Swedish court issued an arrest warrant today for Julian Assange, founder of the WikiLeaks site, on the charge of rape.
WikiLeaks, founded in 2006 by Assange and others, is an international organization and website that publishes content otherwise unavailable to the public, such as secret or confidential government documents. In the U.S., it is famous for having been the source of the Iraq War Logs and the Afghan War Diary; major leaks that have made international headlines and embarrassed the U.S. government to the point where the Obama administration has demanded that WikiLeaks publish no further secret American documents.
Karin Rosander, a spokesperson for the Swedish prosecutor's office announced that the courts had issued two arrest warrants, one for Europe and the other for Interpol, for the Wikileaks founder on months-old charges of "rape, sexual molestation and unlawful coercion." The next step would be getting an international warrant for Assange.
Assange's lawyer, Mark Stephens, claims that the charges are "false and without basis."
The charges arose in August this year, after two female WikiLeaks volunteers (its primary workforce) claimed that that they entered into consensual sex with Assange that developed into non-consensual sex after condoms were broken or removed, and Assange refused to stop despite their appeals.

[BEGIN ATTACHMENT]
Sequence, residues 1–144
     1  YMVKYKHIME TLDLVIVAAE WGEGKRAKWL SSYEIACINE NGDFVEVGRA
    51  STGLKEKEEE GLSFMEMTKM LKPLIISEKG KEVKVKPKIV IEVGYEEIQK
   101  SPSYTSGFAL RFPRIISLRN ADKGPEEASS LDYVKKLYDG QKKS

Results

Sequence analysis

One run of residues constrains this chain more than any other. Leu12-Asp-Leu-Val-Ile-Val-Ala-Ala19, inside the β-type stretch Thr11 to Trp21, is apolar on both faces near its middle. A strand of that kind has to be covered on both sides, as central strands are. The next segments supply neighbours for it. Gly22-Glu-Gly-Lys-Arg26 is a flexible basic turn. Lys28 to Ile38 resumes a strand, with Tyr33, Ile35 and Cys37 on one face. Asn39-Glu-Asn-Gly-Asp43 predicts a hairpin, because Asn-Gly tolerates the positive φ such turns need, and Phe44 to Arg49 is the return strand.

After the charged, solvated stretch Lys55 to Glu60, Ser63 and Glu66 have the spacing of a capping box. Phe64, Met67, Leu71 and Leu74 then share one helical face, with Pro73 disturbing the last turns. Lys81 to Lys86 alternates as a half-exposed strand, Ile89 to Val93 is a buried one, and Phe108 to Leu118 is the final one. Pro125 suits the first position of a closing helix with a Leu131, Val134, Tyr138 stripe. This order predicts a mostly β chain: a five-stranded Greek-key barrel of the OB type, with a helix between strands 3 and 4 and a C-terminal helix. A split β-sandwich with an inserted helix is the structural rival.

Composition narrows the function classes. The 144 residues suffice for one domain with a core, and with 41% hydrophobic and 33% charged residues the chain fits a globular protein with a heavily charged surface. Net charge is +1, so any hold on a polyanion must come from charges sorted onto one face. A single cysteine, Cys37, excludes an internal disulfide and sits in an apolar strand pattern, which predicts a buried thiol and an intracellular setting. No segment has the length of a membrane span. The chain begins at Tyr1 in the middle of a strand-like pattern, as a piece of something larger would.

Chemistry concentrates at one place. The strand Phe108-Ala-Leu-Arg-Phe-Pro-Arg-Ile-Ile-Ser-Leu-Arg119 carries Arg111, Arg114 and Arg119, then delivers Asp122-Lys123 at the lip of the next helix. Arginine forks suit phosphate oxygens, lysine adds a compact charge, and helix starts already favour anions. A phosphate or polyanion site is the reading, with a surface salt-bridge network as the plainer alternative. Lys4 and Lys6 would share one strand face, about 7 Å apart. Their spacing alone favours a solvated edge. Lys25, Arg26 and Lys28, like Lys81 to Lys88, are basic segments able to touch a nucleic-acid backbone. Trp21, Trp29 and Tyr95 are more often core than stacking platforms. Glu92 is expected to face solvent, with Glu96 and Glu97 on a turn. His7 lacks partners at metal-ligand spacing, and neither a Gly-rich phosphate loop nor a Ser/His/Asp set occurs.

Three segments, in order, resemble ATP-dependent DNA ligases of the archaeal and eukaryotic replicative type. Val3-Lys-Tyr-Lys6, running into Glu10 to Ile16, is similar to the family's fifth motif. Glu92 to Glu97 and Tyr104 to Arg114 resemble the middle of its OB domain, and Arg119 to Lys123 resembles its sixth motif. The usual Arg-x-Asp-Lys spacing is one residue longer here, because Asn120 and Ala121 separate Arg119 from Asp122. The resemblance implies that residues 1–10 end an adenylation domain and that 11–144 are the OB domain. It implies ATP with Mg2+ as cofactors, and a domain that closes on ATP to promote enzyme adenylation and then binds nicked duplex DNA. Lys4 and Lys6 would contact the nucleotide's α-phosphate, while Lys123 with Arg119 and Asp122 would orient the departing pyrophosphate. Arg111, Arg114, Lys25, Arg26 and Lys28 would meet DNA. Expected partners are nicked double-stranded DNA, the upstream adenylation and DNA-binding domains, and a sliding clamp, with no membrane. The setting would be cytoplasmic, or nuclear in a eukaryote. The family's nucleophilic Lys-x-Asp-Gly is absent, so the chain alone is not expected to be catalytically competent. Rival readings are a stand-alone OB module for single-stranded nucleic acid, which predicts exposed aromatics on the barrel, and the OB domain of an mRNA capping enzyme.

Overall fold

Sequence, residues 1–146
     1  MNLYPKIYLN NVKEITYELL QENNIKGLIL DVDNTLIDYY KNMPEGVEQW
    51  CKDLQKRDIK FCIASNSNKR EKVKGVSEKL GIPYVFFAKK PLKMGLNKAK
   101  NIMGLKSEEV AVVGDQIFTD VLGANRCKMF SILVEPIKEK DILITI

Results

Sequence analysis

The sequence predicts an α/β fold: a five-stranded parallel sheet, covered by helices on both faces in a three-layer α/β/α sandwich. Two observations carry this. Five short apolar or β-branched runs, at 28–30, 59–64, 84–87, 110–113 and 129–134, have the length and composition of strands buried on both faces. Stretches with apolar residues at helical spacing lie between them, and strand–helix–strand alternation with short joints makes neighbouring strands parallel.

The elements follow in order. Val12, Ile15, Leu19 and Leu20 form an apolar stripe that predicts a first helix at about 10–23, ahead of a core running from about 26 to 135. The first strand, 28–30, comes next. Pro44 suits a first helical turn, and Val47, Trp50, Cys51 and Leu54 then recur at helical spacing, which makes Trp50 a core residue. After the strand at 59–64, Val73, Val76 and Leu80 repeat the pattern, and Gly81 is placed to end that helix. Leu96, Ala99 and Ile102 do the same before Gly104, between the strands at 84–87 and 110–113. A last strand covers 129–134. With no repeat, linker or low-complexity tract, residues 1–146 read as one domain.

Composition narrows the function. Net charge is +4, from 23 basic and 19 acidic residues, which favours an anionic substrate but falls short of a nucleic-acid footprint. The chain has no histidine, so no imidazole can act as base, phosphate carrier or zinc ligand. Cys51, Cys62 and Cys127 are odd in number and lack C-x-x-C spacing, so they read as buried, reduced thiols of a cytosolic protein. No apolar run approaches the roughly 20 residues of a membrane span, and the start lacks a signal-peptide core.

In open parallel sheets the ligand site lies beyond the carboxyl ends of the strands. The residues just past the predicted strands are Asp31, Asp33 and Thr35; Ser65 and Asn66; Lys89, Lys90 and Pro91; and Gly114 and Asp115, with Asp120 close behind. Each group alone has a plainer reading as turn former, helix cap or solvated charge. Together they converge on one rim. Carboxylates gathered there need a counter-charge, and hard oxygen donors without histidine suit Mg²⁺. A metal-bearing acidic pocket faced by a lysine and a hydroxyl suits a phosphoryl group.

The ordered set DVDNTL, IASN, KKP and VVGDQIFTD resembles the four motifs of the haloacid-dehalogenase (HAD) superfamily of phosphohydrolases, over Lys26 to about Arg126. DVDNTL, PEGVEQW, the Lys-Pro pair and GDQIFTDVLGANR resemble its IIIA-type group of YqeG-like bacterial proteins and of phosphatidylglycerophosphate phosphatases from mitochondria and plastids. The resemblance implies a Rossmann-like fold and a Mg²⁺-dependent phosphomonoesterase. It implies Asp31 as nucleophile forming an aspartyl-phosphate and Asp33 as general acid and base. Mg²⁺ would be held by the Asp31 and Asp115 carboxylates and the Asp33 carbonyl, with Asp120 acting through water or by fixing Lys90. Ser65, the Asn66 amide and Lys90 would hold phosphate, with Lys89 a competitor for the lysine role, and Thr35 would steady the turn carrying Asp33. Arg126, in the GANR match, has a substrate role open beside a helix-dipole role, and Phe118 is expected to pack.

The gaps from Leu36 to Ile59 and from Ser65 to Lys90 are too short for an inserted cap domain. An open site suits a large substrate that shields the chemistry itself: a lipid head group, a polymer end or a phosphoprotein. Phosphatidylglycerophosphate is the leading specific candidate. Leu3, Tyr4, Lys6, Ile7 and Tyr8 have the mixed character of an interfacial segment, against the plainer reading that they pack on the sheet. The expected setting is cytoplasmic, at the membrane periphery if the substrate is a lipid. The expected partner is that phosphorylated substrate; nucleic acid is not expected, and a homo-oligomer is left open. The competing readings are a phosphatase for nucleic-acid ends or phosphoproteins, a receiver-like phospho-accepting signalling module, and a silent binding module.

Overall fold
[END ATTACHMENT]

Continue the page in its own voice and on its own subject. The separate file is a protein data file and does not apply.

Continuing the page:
It's been nearly 13 weeks since the prosecutor's office said it wanted to question Assange, and today's statement heavily implies that that has yet to happen. Just before the warrants became public, director of the Stockholm prosecutor's office Marianne Ny claimed that they had been "unable to interrogate" Assange at any time since the charges were brought up.
A statement by Stephens claims that this is no fault of Assange's. "Before leaving Sweden, Mr. Assange asked to be interviewed by the prosecution on several occasions in relation to the allegations, staying over a month in Stockholm, at considerable expense and despite many engagements elsewhere, in order to clear his name. Eventually the prosecution told his Swedish lawyer Bjorn Hurtig that he was free to leave the country, without interview, which he did."
Stephens also says that even though the charges are just being brought now, the 13 weeks of what he calls "flawed" investigation has caused perhaps irreparable harm to Assange's reputation, and that "one in 10 Internet references to the word 'rape' also include his name."
Source: The New York Times